The least costly Cherokee, the Sport, comes with cloth-covered seats, a 5.0-inch touchscreen, 17-inch wheels, and the features in every Cherokee. It drives its front wheels only, with the less powerful, 2.4-litre, petrol engine.
Spending more for a Cherokee Longitude brings you the 3.2-litre V6 petrol engine and all-wheel drive (which Jeep calls Active Drive). Headlamps switch themselves on in low light, and wipers operate automatically when it rains. There are rear parking sensors. Both front seats are power-adjustable, and include adjustable lumbar (lower back) support. The tailgate power-opens. Dual-zone climate control lets you set different temperatures for each side of the cabin. Ambient lighting generates a soft glow in the cabin when driving at night, and the steering wheel is wrapped in leather.
There’s also Selec-Terrain, which allows you to adjust the way the car responds to you for different conditions – such as snow, sand, or sporty on-road driving. It affects when the auto gearbox shifts, how abruptly the car responds to the accelerator, and the behaviour of features such as traction control.
Choose the Limited, the most luxurious Cherokee, and in addition to the Longitude features you get leather seats, with heating for the front seats. There is satellite navigation, and a better sound system with more speakers and digital radio, controlled from a much bigger touchscreen at 8.4 inches. Very bright bi-Xenon headlights dip automatically for oncoming vehicles, and front parking sensors are added.
Wheel diameter increases an inch on the Limited, to 18 inches, and tyres are lower in profile for a racier look. A diesel engine has been available, but now all Limiteds use the petrol V6.
If you want to tackle very steep, rough or boggy off-road tracks in your Cherokee, you can spend a bit more again for a Cherokee Trailhawk. It has the petrol V6 engine and most of the Limited’s equipment – leather trim and the bigger touchscreen, for example – but with more hardware for driving off-road. The wheel diameter returns to 17 inches and there are unique bumpers and other styling tweaks, including hooks for extracting your Trailhawk if it gets stuck.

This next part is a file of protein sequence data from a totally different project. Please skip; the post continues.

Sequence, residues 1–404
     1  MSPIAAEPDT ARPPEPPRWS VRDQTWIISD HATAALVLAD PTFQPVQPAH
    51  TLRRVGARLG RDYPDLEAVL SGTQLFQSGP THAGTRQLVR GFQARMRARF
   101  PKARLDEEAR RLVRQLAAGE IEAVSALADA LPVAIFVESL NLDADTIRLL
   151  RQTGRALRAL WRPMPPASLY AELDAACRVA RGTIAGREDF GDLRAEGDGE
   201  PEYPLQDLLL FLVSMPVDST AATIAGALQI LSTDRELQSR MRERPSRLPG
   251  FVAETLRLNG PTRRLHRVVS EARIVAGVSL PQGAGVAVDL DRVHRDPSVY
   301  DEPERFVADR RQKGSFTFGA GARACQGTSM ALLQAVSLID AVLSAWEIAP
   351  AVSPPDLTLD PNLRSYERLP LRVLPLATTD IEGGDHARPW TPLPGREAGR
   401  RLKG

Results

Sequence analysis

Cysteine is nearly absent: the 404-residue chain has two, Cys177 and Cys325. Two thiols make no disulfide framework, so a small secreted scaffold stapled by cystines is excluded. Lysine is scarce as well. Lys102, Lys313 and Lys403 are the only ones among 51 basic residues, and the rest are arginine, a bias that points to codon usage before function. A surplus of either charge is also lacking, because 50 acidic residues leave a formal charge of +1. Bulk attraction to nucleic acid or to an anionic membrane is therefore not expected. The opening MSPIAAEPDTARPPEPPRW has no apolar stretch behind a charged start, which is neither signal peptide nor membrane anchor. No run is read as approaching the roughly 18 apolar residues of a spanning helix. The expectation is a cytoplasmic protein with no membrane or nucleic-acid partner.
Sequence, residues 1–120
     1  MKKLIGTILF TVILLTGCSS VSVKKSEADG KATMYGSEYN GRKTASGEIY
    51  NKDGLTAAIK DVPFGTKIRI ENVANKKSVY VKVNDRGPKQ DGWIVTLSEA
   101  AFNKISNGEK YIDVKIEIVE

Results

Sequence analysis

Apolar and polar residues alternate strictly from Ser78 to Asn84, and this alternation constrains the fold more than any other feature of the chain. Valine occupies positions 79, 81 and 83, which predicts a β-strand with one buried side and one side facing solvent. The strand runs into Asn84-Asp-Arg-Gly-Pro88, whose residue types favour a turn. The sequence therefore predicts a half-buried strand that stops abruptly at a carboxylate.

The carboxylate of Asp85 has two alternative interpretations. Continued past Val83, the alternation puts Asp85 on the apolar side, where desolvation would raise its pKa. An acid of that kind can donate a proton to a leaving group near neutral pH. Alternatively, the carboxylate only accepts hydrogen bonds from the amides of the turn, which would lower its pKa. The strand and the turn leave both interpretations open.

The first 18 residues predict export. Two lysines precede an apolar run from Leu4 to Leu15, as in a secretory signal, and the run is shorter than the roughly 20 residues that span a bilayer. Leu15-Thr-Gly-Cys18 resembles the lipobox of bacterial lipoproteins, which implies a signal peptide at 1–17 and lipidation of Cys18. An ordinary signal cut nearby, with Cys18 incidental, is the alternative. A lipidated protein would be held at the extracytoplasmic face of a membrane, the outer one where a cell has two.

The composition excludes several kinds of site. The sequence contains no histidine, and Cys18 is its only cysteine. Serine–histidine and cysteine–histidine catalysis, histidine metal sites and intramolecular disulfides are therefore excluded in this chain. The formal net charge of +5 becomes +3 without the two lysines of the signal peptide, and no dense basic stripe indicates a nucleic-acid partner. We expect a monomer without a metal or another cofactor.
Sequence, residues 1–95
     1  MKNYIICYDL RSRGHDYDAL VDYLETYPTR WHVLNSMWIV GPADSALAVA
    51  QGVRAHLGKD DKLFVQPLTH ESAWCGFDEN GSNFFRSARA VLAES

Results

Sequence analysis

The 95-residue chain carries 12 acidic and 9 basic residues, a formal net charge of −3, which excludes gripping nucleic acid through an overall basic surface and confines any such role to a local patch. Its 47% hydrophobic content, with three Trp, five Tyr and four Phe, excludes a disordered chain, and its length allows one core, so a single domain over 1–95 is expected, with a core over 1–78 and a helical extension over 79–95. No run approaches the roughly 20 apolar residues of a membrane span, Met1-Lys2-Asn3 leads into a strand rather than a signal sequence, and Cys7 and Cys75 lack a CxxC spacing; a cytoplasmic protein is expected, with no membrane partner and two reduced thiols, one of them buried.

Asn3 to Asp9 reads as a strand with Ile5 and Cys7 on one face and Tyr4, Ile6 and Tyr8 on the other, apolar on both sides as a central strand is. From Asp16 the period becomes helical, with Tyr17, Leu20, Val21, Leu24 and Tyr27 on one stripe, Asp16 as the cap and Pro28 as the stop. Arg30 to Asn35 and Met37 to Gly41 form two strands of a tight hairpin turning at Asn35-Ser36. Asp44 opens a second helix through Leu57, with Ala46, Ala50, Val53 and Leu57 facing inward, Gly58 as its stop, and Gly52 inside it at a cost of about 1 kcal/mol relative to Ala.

The Trailhawk gets better ground clearance (it rides higher, so that it is less susceptible to damage on rough ground), and its bumpers are better for off-road use. It also has a dual-range four-wheel drive system called Active Drive Lock. The Lock refers to the locking rear differential employed by this system, which helps the Trailhawk maintain drive even if only one wheel has grip. Metal skid plates protect its underside if you hit a rock or stump.
The Limited and Trailhawk are available with an optional Technology pack, which includes several sensor-based driver-assistance and safety features. There is Adaptive cruise control, which will match the speed of a slower car in front automatically. Among the active safety features are a forward collision warning, autonomous braking that works at city and highway speeds, lane keeping assistance, blind spot monitoring, and a rear cross-traffic alert. (For more on these systems, please open the Safety section below.)
Unlike petrol Limiteds, the previously offered Limited diesel came with a dual-range four-wheel drive system that Jeep called Active Drive II. It was much like the system on the Trailhawk, but it did not lock the rear diff.
(The former Cherokee Blackhawk is a Longitude with cosmetic changes, plus bigger wheels and touchscreen like the more expensive Limited. The Cherokee 75th Anniversary is a similar remake of the Longitude, but with a cosmetically different theme.)